Pair handwashing with another important, desirable activity. It can be difficult to feel as though the time it takes to thoroughly wash your hands is time well spent. To counter this and make handwashing feel more productive, Jan Willem Lindemans suggests doing something useful with this time, bundling handwashing with other behaviors. For example, he recommends using the time to meditate: to focus on the water floating on your hands, the soap, the bubbles, and think of this time as an exercise of relaxation and mindfulness as a break from your busy day.
Use visual cues to prompt behavior
Put footprints on the floor leading to handwashing stations. To make handwashing stations more salient and gamify the road to get to them, Nina Bartmann and David Neal painted footprints on the floor in a study in Ethiopia based on similar research conducted in Bangladesh.
Put hand sanitizer in your way. Although washing your hands with soap and water is the ideal way to clean your hands, it helps to have a backup plan. And it’s a whole lot easier to place bottles of hand sanitizer around than it is to build new sinks. Lena Belogolova recommends establishing locations for hand sanitizer that are within your usual path (for example, if you typically take your dog on a walk through the front door, put a bottle right there). Keep travel-size bottles in convenient places: in your purse, your car, and so on.) Studies on choice architecture (such as this one from the CDC where fruit was strategically placed, at eye level and all around the cafeteria) show that making positive behaviors (such as eating fruit or using hand sanitizer) more convenient and in-your-face leads to an increase in those behaviors.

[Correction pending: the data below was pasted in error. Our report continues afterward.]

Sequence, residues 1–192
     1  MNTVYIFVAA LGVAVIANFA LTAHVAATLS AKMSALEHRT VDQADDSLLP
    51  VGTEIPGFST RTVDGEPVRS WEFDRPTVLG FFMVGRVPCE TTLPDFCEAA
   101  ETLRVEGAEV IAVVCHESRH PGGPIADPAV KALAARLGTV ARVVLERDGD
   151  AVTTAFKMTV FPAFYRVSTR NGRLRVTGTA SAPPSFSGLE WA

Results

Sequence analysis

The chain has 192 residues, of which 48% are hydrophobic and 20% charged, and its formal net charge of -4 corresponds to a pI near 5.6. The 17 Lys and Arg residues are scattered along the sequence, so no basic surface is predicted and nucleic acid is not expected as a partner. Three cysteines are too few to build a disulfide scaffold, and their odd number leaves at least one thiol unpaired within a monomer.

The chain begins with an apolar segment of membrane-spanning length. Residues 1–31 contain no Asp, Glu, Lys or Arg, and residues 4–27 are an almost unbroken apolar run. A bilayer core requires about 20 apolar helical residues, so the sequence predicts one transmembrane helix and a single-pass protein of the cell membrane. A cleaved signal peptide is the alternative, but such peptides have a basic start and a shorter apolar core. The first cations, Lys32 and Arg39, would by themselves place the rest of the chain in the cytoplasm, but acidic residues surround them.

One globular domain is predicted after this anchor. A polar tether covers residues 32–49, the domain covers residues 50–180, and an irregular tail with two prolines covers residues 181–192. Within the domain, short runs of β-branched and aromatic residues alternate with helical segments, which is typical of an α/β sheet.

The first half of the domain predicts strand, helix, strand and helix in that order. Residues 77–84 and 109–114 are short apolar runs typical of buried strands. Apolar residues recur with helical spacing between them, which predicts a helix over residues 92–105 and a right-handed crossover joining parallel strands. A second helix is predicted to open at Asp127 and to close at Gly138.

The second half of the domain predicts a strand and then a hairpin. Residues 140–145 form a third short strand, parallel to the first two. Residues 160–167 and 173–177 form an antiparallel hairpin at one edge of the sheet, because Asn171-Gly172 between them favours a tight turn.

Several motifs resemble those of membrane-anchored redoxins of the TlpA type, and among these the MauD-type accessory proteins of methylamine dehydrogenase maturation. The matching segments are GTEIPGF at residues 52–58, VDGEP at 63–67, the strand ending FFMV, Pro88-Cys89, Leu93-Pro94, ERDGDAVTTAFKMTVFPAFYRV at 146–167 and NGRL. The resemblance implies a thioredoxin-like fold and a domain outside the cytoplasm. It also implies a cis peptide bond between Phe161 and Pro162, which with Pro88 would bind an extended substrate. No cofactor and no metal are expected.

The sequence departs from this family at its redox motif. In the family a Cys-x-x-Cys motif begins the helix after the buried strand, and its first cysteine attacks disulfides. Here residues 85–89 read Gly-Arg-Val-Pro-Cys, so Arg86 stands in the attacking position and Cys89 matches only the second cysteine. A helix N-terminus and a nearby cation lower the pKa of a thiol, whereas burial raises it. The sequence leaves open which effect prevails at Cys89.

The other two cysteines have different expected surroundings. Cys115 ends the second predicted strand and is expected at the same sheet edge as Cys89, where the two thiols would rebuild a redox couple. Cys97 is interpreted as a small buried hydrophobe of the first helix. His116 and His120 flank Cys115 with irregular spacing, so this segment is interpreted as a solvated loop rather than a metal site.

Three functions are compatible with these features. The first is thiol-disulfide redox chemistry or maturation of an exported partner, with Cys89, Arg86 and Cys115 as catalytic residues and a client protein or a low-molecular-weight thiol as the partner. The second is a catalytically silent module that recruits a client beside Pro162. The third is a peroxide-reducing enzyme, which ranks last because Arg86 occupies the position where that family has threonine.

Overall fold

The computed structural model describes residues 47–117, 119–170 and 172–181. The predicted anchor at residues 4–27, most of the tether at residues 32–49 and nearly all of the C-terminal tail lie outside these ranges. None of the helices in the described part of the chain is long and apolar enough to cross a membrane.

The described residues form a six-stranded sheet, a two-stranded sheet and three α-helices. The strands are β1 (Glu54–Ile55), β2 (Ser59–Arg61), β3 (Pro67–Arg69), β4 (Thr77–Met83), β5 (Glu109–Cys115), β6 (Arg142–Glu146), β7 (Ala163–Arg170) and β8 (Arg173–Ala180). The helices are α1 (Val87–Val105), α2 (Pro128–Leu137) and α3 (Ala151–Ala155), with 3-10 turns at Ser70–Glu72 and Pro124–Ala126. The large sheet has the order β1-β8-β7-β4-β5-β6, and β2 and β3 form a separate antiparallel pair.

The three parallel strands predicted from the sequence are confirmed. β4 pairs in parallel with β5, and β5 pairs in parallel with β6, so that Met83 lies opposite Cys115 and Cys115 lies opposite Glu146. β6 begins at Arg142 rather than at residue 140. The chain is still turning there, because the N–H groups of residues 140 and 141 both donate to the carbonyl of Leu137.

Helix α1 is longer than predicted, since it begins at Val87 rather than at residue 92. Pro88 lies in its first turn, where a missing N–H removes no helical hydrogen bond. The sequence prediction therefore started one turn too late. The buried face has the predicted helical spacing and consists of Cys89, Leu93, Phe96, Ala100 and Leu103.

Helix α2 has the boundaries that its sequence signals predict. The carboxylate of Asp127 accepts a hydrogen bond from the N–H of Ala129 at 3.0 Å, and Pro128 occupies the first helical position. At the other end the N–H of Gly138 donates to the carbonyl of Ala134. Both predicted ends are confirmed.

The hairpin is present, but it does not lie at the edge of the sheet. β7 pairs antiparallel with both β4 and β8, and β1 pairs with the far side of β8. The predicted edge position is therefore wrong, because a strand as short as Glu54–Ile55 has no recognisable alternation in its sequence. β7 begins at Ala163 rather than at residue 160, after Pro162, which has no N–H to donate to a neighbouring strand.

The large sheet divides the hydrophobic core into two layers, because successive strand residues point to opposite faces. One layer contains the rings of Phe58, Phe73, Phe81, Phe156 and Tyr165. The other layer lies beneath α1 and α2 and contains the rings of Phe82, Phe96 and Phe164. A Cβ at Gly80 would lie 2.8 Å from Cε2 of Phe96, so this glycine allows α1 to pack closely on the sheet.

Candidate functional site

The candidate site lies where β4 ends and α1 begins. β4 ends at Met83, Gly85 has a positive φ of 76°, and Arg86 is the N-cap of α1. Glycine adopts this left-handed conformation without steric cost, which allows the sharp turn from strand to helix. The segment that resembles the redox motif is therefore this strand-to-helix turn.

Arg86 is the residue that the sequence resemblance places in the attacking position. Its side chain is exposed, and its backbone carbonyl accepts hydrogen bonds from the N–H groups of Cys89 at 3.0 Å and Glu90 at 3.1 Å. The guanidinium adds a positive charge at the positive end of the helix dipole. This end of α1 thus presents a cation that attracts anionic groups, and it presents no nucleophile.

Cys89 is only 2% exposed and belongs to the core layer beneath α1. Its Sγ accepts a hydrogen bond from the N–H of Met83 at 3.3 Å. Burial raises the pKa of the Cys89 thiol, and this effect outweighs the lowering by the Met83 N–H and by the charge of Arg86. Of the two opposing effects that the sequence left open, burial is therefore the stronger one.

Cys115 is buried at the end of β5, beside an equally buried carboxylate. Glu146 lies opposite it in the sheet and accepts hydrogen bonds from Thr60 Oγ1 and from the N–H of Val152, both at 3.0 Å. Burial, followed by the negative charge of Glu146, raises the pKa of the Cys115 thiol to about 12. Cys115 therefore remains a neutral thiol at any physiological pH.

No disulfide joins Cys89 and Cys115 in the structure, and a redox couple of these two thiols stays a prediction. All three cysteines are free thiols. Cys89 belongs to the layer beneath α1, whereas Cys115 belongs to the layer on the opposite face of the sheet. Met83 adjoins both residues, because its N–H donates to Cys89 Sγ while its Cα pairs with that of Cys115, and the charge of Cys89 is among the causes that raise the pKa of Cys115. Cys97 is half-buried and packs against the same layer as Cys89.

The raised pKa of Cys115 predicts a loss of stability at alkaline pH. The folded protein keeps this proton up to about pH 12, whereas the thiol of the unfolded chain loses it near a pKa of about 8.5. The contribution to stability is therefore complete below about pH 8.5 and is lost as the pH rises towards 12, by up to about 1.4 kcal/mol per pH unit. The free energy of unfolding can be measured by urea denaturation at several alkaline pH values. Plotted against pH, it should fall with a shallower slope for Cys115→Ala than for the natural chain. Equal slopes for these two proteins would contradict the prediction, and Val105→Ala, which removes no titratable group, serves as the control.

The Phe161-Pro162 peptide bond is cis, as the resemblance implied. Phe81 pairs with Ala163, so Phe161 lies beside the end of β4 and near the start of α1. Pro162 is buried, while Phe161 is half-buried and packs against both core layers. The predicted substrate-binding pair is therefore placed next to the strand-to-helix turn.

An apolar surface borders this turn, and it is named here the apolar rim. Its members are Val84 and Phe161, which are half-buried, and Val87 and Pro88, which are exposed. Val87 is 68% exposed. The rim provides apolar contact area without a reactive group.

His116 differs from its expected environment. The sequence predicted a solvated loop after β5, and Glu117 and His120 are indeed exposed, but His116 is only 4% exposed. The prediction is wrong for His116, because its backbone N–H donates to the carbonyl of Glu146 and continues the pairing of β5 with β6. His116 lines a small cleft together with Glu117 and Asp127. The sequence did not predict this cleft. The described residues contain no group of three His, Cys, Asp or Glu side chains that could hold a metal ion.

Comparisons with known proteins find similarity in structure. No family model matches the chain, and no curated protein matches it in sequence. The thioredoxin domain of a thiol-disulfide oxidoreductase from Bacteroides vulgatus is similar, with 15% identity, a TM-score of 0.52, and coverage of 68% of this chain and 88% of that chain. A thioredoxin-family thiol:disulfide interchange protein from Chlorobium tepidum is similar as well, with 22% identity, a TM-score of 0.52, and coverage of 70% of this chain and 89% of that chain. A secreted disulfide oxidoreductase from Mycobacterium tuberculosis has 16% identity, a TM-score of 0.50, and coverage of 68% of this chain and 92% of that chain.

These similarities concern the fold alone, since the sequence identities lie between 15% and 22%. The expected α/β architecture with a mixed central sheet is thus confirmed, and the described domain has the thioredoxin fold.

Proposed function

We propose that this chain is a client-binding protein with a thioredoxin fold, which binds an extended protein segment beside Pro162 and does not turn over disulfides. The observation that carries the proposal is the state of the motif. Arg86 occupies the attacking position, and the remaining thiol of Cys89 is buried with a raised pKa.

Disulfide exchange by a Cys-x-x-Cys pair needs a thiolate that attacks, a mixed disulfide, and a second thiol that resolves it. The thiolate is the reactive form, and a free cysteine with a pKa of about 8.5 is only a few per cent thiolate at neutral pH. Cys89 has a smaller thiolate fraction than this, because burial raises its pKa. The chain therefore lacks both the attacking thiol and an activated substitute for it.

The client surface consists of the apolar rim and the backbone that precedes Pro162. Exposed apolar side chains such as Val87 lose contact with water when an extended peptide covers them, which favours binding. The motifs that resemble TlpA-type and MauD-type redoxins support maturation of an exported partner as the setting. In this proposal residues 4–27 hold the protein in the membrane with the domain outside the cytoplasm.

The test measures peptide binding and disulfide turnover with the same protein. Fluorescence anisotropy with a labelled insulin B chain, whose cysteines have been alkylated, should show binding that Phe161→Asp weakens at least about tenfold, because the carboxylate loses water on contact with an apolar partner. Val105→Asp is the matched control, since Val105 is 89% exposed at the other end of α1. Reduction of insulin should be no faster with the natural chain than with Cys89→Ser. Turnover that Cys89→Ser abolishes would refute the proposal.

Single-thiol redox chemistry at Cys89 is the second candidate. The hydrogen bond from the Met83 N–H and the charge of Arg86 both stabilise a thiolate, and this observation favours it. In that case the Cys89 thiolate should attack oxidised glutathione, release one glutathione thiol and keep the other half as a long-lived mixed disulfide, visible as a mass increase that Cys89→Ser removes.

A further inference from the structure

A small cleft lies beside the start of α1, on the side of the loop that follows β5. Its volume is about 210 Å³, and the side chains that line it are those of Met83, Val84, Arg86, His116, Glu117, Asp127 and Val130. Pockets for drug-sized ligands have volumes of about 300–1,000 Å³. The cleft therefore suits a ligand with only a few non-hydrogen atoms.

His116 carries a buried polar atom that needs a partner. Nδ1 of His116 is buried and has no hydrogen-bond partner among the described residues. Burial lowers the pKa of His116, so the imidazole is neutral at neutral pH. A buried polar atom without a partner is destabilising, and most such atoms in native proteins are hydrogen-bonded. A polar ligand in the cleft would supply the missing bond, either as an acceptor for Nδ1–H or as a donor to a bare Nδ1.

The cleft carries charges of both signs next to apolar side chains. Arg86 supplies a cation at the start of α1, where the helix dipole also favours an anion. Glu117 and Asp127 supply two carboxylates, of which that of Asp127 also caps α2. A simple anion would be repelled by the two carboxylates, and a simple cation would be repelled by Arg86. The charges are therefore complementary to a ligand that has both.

Make it virtuous
Create a role model narrative. A campaign in rural India was successful at increasing handwashing by creating a story around a “supermom,” or SuperAmma a role model mother raising children who wash their hands. Because most mothers believe themselves to be good, nurturing mothers, they strive to behave like the exemplar mother and teach their children to wash their hands (with the additional bonus that they model this behavior themselves).
Think of the people you’re protecting by not transmitting the virus to them. Finally, you can make it emotional with empathy. You may not be motivated enough by your desire to protect yourself, but perhaps you will find the motivation by thinking of others. Angela Duckworth recommends thinking of the people in your life who will benefit if you don’t get sick. Indeed, past research on hand hygiene shows this to be effective, and is confirmed by some recent research specifically looking at handwashing and related prosocial behaviors in the context of the COVID-19 pandemic.
This is my grandma Jan. If you don’t wash your hands for yourself, do it for her.
Translate your handwashing intentions into handwashing actions
When there is something (like handwashing) that we know we need to do (and want to do it), but for whatever reason we don’t actually execute, behavioral scientists call it an intention-action gap. Essentially, there’s a gap between your intention and your action. But by using these strategies that behavioral scientists recommend for remembering to wash your hands, you can begin to close this gap. Whether you set up timely reminders, make handwashing fun to do or disgusting to not do, make a commitment or bundle with other activities, or use visual cues or virtuous thinking, or even perhaps all of the above, these strategies should help you get from intention to action in no time.
Originally published at https://www.forbes.com.